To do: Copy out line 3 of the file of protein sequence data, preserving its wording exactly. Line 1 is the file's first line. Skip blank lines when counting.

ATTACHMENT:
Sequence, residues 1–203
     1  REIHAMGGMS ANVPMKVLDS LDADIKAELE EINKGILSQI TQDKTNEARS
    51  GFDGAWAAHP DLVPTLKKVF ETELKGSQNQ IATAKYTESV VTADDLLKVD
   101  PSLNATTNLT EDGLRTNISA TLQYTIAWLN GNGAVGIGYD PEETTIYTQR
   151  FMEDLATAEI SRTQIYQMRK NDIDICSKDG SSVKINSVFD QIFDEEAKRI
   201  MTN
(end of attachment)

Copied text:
    51  GFDGAWAAHP DLVPTLKKVF ETELKGSQNQ IATAKYTESV VTADDLLKVD